- The Las Vegas Convention and Visitors Authority recommends using The Boring Company's tunnel design for its remodeled facility.
- The tunnel would cover two miles and cost far less than other proposals the LVCVA has received.
- If the proposal goes through later this year, it will likely be the first commercial deployment of a Boring Company tunnel.
It may soon be Boring in Sin City.
The Las Vegas Convention and Visitors Authority is spending $1.4 billion to expand and renovate 200 acres of conference space, and it needs a way to move people more efficiently over roughly 2 miles of its campus. A convention authority committee is recommending that Elon Musk's Boring Company build and operate an underground people mover for the project.
"We've been the top city for trade shows for 24 years in a row. We aim to keep that title," authority CEO Steven Hill told CNBC. "This kind of innovation is an attraction in itself. ... It helps our customers experience everything on our campus."
The authority's board will hear the formal recommendation on Tuesday. If the board approves the proposal, the next step is negotiating design, construction and operational plans for final approval, likely in June. The authority's board also needs approval from Clark County. The authority wants to unveil its people mover when it opens its expanded and renovated facilities at the end of next year.
Las Vegas has other mass transit, including a monorail that travels along much of the Strip. But the company that operates the monorail went into bankruptcy in part because of low ticket sales.
The meeting and convention business is increasingly important for Las Vegas' bottom line. Of the 42 million visitors to the city last year, 6.6 million come for meetings. And they come during the weekdays, driving demand for dining, entertainment and gaming. An efficient, high-speed people mover at the convention center might attract even more visitors. Proposals call for an underground loop that connects the entire Las Vegas Strip, McCarren International Airport, the new Raiders stadium and potentially even a route from Los Angeles to Las Vegas.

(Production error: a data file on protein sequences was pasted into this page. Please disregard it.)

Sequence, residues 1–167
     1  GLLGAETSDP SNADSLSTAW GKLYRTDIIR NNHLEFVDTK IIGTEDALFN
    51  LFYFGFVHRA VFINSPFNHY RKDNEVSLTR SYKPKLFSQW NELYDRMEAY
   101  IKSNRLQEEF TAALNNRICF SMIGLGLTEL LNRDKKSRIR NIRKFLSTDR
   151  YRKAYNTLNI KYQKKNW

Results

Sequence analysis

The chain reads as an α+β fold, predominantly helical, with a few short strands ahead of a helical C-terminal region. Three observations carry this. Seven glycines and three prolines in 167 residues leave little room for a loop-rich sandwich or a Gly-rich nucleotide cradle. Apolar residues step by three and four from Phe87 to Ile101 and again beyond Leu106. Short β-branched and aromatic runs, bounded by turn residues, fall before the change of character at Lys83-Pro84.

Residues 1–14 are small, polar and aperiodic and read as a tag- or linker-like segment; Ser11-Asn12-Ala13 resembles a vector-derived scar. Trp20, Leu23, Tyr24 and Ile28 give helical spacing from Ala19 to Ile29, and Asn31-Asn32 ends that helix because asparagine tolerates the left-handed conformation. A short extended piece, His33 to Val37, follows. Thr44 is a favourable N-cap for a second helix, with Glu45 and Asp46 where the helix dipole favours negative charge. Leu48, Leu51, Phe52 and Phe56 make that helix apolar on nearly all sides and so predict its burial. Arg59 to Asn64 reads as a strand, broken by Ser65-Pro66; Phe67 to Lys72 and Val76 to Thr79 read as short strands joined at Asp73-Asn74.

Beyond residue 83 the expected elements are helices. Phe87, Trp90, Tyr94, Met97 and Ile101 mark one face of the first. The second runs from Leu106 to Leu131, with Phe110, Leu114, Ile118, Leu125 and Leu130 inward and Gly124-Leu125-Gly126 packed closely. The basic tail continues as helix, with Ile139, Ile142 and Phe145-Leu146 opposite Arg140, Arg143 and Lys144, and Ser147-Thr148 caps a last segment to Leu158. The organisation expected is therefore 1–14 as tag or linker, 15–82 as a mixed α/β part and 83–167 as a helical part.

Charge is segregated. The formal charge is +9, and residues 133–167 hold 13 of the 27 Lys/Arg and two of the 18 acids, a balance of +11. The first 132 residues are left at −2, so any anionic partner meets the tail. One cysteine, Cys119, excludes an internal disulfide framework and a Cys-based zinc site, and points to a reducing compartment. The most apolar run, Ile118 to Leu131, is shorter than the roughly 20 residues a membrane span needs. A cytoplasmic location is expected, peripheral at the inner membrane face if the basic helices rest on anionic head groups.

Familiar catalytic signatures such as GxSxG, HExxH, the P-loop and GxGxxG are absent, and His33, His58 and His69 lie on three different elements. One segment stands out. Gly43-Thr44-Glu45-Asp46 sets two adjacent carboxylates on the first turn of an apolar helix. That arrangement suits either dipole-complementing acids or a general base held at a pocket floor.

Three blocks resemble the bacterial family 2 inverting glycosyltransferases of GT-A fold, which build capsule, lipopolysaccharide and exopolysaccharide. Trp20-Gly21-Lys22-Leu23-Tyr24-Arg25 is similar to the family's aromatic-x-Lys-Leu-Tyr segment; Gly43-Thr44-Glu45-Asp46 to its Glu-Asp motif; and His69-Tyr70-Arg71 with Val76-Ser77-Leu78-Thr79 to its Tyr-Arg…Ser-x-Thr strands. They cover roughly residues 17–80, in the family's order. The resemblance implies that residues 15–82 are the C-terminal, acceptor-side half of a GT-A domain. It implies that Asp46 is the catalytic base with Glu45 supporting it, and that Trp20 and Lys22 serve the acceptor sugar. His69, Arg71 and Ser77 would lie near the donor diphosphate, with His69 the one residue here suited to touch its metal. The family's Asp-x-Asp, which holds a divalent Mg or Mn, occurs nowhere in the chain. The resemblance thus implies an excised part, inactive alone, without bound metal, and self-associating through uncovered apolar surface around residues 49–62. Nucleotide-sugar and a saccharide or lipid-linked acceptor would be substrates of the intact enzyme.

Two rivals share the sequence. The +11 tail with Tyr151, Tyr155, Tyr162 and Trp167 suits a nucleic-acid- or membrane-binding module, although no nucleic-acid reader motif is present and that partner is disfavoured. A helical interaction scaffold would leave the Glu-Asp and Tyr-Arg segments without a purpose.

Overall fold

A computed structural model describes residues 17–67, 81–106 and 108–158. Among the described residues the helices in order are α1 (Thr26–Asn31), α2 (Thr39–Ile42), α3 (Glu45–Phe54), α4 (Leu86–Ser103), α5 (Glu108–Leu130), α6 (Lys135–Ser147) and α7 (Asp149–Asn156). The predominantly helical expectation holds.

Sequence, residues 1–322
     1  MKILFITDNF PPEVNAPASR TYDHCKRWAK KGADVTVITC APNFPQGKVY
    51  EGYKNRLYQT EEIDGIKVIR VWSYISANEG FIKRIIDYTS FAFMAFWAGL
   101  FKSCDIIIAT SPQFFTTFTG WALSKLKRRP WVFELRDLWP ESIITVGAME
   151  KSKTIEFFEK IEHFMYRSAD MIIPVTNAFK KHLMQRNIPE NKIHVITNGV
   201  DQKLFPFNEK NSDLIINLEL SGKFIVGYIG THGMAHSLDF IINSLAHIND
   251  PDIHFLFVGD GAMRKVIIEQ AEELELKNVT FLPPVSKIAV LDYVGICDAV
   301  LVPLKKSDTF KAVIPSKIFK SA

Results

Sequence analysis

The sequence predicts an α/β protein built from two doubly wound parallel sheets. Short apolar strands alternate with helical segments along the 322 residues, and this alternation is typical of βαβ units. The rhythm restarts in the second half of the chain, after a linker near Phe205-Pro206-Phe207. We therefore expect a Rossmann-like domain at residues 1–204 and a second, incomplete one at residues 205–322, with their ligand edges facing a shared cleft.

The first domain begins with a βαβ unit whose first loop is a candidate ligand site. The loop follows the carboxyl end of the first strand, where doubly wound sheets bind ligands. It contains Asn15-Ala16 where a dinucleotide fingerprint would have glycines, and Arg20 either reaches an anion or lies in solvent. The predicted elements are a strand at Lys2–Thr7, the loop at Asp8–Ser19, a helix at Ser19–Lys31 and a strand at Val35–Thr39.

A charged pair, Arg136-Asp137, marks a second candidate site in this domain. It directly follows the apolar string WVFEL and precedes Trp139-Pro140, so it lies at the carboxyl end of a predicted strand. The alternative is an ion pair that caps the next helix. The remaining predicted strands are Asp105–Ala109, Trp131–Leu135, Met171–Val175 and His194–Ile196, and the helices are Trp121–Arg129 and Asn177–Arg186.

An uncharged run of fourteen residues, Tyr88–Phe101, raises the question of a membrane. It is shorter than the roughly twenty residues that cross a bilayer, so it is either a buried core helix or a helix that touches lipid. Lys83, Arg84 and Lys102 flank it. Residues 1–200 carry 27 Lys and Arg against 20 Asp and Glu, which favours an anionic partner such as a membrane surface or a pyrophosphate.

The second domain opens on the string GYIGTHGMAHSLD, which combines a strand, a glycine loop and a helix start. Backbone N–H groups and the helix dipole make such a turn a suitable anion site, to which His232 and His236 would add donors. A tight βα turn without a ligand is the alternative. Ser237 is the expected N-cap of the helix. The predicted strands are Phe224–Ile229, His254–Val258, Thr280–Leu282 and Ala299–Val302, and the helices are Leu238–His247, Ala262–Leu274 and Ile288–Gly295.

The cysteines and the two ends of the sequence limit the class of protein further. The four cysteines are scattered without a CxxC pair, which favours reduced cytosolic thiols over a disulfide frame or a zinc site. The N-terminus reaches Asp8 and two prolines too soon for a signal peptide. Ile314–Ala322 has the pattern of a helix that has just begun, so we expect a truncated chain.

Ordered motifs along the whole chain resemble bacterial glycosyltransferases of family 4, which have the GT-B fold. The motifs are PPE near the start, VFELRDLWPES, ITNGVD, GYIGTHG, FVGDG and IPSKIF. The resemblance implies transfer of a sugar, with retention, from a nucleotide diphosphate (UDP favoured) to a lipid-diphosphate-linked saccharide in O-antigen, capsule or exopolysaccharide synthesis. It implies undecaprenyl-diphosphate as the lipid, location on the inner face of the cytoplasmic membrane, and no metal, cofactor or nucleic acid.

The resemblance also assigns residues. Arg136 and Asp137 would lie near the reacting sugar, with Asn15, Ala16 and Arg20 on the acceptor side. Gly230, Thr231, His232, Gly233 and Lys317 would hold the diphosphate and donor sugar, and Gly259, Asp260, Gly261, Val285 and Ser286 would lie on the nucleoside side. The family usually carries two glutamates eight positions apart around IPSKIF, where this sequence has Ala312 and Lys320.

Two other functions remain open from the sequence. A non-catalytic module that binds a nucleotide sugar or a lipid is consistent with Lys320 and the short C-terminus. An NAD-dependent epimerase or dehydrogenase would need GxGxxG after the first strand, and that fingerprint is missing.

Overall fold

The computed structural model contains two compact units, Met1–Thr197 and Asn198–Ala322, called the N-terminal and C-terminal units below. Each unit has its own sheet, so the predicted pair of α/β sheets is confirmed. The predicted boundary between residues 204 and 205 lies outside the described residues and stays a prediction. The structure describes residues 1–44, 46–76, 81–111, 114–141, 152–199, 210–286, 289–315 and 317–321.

"We hope to explore the opportunity to move this kind of technology into the entire city," Hill said. He added that he has received support from property owners along the strip, Clark County officials and the Regional Transportation Commission. "We've long recognized that as Las Vegas continues to grow, we have some chip points in moving people," he said. "There's not room on the surface really to add lanes on the road every place we need them, particularly up and down the Strip and to the airport. So being underground is something that is very attractive. "
The price is attractive as well. Sources tell CNBC, with a price tag of $35 million to $55 million, Musk's company came in at a fraction of the cost of its above-ground competitors. The company prides itself on significantly reducing the cost of tunneling, which can run as much as $1 billion per mile, by shrinking tunnel diameters and increasing the speed of the tunnel boring machines. The Boring Company spent $10 million to roll out a mile-long test tunnel at its Hawthorne facilities in Los Angeles in December.
It's also working on projects in Los Angeles, Chicago and Maryland. Despite fanfare and optimism that accompanied the announcements in those locations, the projects have been stymied by layers of bureaucracy, opposition from not-in-my-backyard opponents and concerns that mega-tunnels could take on the mega-price tag and mega-annoyance of massive projects like the Big Dig in Boston or the Second Avenue Subway in New York.
The Las Vegas people mover would be Boring's first fully completed commercial project, offering the company an opportunity to demonstrate what it can do beyond the Hawthorne test tunnel. Steve Davis, president of the Boring Company, said it fields three to five inquiries per week from towns, cities and other regions interested in its underground transportation system.
"People will be excited. They will ride it, and if they like it, we'll probably get more interest," he said of the Las Vegas project.
"Nevada looks for a responsible way to say yes," Davis said. "We think it offers a lot of opportunity. I think others see that as well. And we will put in that work to see if it's the right choice for Las Vegas."